By 2000, the land trust had begun to use GIS internally (ESRI ArcView software). This allowed the trust to quickly generate maps of proposed acquisitions and other maps that did not need extensive effort to design and produce.

In 2003, the Napa Land Trust began its conservation priority project, working with a consulting team:  

  • A planning consultant helped develop and manage the overall planning process;
  • The Nature Conservancy and its partner, NatureServe, applied their innovative GIS conservation planning tool, NatureServe Vista, to better assess biodiversity;
  • New and highly detailed vegetation data for the model was developed by the Institute for California’s Environment (ICE) University of California at Davis;
  • GreenInfo Network then worked with the trust’s team to apply GIS to define scenic zones, agricultural areas and needed recreational lands, and to design the maps that would convey this information to the trust’s stakeholders and the public.

The method used in the conservation planning was to identify key landscape linkages that would maintain the composition, structure, and vitality of important ecological systems in the county. Endangered, threatened or declining terrestrial or aquatic species were also identified as targets for protection. Based on this, protection priorities were set using the conservation values and measures of vulnerability to development.  All of this data was correlated to ownership boundaries provided by the County of Napa, allowing the land trust to understand not only the ecological character of the landscape but also the nature of each landowner’s holdings.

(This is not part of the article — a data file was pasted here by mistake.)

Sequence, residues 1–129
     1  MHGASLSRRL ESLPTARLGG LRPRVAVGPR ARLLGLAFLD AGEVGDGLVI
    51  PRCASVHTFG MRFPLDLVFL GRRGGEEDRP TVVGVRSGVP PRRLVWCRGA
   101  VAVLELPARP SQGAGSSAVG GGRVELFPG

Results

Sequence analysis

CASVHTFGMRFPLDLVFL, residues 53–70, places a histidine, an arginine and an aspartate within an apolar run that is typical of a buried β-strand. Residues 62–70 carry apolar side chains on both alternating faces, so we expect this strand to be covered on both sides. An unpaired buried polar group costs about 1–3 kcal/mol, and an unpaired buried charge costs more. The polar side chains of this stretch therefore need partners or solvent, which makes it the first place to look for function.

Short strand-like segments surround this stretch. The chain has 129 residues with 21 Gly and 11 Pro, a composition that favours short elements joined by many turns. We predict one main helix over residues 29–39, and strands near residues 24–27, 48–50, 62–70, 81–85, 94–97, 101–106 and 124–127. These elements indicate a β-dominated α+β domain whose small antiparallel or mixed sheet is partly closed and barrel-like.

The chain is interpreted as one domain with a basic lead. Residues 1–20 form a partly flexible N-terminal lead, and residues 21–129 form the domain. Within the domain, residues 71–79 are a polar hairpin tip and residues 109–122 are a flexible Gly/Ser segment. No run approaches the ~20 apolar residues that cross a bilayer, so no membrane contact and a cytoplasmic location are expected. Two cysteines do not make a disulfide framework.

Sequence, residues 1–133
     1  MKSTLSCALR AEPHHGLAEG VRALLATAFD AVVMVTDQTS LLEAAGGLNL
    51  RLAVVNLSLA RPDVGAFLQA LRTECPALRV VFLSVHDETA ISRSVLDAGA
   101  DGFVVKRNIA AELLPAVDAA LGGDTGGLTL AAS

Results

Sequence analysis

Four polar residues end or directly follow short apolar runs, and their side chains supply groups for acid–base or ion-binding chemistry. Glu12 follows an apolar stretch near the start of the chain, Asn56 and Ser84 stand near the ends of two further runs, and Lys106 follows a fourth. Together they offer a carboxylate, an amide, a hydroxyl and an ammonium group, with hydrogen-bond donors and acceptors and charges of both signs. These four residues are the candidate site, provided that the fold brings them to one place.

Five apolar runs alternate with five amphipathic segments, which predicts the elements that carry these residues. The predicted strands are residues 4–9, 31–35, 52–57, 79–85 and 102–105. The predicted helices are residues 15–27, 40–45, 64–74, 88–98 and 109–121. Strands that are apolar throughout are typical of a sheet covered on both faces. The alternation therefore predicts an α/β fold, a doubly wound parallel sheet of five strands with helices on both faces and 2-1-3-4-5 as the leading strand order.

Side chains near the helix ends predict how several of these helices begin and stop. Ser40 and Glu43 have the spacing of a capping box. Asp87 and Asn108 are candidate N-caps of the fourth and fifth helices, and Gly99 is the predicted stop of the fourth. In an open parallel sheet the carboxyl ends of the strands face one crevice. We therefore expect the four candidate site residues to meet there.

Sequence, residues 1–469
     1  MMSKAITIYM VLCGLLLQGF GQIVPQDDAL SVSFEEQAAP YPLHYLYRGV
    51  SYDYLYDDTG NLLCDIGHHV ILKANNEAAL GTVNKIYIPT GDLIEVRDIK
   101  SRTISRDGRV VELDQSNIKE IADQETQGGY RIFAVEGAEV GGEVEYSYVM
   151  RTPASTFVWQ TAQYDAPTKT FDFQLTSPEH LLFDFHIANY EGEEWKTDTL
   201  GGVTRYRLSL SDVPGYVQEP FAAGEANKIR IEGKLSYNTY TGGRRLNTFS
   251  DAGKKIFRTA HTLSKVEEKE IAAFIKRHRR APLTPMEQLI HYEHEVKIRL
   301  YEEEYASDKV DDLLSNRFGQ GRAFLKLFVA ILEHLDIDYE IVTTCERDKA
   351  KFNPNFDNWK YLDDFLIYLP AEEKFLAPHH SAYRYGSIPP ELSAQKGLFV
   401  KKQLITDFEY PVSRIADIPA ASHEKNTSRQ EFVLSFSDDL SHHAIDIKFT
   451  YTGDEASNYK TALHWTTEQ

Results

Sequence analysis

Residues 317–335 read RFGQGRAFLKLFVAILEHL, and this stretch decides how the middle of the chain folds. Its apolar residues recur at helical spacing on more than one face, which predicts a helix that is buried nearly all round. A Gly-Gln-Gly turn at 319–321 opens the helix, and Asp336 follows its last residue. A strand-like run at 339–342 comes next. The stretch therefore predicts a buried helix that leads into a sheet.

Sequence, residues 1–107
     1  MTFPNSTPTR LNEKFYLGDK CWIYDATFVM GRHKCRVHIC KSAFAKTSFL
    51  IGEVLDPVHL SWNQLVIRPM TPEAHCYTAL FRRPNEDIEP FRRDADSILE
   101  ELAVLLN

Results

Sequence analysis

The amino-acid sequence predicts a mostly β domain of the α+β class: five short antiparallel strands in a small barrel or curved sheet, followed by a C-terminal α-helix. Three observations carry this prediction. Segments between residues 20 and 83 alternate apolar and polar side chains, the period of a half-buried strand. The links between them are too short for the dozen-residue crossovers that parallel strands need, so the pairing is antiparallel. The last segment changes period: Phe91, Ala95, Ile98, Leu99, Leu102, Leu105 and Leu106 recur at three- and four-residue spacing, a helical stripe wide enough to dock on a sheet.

The conservation plan was published in a special report that is setting the trust’s direction for the next decade.

Since the conservation plan, the land trust has used GIS to assist with implementing its priorities, including developing a paper and electronic atlas the entire county.  For example, in late 2005, the land trust applied GIS to a particular opportunity, a large ranch that was up for sale, using it to assess properties that were in the viewshed of the proposed acquisition, in order to help the land trust identify other owners who might be approached for donations to support protecting the ranch.

The Land Trust of Napa County has an ambitious goal to save an additional 17,000 acres of land by 2010, increasing its protected lands from 50,000 or more acres. With eight years of using spatial analysis to advance its work, the trust is confident that GIS will be a key partner in this next campaign.

 

CONTACTS:

John Hoffnagle, Executive Director - The Land Trust of Napa County
Rob Solomon, Natureserve
Tim Sinnott, GreenInfo Network

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© Land Trust GIS 2006